Digging Deeper into Rigorous, Standards-Aligned Instruction

Last month, I received a phone call inviting me to a fourth-grade classroom. The teacher asked me to come hear the culmination of a project that entailed immense research, reading, and writing by her students regarding a school garden. When I arrived, each student stood up with a microphone and read a portion of their opinion research essay to me in front of the entire class. They then pitched an idea that would take principal, district, and community support to complete: a school and community garden. My visit was not only a celebration of hard work and student engagement, but it was also a demonstration that aligning assignments to the high rigor in the state standards can take students to a deeper level of thinking and learning. 

Before assigning the project, the teacher wanted to brainstorm ways to align writing assignments to the Wyoming Content and Performance Standards while also engaging students in something that would connect them to the community.  During class, the teacher and students began brainstorming topics. The first suggestions were “eliminate homework” and “get better playground equipment.”  Challenging the students, the teacher encouraged them to keep thinking while she taught them about the audience (me, a district administrator). Eventually, the class arrived at the decision that a school garden would be extremely beneficial.

Over the course of a couple of weeks, students read challenging articles, interviewed experts in the community, researched ideas on fundraising, built a platform to explain the benefits of the garden to potential investors, and then wrote individual and class essays. This project aligned to a variety of standards encompassed in the Wyoming Content and Performance Standards including writing, reading, math, science, speaking and listening, and social studies. 

Aligning to the standards can appear simple. The teacher could have simply asked the students to read some information and write an opinion essay about it in order to meet the standards.  Instead, she dug into the rigor of the standards. This is demonstrated by the teacher as she addressed text complexity, multiple contents, and speaking and listening, reading, and writing standards. She helped connect students and standards to the school and community.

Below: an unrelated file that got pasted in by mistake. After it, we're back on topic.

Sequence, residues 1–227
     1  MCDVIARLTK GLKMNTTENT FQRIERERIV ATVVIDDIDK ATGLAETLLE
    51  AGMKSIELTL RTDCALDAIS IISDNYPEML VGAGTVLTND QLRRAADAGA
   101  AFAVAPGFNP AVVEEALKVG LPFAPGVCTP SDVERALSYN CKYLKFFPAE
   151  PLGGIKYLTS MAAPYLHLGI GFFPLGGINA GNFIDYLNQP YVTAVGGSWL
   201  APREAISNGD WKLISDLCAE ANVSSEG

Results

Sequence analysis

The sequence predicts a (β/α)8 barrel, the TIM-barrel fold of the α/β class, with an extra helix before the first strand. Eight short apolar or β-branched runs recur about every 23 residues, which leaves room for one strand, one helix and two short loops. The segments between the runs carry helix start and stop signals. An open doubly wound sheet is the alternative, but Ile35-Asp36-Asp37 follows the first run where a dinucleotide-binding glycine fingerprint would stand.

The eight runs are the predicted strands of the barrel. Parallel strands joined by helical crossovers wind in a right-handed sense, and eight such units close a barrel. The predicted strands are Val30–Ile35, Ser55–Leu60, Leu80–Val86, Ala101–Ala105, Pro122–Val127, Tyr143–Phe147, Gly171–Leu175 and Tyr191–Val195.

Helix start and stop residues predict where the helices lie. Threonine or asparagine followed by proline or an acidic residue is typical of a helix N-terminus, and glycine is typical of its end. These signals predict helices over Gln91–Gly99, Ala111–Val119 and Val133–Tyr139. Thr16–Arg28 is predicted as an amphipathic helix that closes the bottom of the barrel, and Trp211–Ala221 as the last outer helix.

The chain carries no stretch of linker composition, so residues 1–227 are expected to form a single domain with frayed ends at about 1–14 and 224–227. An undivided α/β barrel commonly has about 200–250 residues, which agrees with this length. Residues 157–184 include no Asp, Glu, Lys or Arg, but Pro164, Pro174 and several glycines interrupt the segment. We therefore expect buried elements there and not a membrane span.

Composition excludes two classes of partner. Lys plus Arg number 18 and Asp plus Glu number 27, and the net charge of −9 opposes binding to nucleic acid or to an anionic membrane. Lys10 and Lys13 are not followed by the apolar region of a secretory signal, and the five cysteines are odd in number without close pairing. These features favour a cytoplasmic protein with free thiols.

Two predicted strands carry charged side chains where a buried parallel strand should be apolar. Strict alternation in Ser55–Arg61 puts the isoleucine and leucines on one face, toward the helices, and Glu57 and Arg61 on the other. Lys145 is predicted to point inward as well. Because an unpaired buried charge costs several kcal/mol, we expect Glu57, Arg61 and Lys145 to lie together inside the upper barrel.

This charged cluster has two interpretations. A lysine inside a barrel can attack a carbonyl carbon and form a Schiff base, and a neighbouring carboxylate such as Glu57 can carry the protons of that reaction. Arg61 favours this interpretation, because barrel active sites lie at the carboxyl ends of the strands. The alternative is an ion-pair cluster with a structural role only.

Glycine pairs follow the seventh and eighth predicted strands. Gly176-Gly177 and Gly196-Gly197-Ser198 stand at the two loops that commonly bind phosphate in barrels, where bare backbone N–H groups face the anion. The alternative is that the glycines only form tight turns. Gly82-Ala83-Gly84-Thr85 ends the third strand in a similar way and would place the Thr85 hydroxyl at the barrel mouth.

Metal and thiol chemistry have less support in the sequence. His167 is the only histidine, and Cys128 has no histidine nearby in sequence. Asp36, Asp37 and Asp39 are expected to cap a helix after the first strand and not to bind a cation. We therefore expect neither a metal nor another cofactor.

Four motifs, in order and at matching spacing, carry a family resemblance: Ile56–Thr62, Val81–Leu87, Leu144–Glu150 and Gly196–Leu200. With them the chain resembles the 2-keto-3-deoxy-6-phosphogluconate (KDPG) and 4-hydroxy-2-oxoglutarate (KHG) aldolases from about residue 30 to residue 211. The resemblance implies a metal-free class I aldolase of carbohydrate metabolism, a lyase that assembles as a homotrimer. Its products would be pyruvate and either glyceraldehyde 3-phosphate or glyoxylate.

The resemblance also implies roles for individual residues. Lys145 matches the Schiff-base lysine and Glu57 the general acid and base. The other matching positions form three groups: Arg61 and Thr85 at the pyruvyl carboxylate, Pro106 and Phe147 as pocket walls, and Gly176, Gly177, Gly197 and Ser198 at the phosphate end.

When I sat in the classroom listening to the students read their own portion of the class essay, a mix of nervousness, pride, and enthusiasm permeated the room. In the end, as I asked the class questions ranging from “How will you pay for this?”, “Who will harvest the food and care for the garden over the summer?”, and “How will you distribute the harvest?”, students had answers for everything. They had really engrossed themselves in the learning as well as the final product. They owned the idea. They wanted to make it become a reality. 

This is what we want for our future, students who are fully engaged in their community. We want students who enthusiastically come up with solutions to issues, and who are reading, thinking, learning, and writing at high levels. This project is evidence that when you align assignments to the level of rigor expected in the standards, students will rise to the occasion. 

Amanda McAdams, a former practicing attorney and 2011 Arizona Teacher of the Year, is currently the Director of Elementary Education and K-12 Literacy for Lincoln County School District #2 in Star Valley, Wyoming. Amanda earned her bachelor’s degree from Claremont McKenna College, her Juris Doctorate degree from the J. Reuben Clark School of Law at Brigham Young University, her teaching certificate from Utah State University, and her Doctorate of Education (EDD) from Argosy University. She has also received an Honorary Doctorate of Humane Letters from Northern Arizona University. Most importantly, Amanda and her husband Don are the proud parents of three children.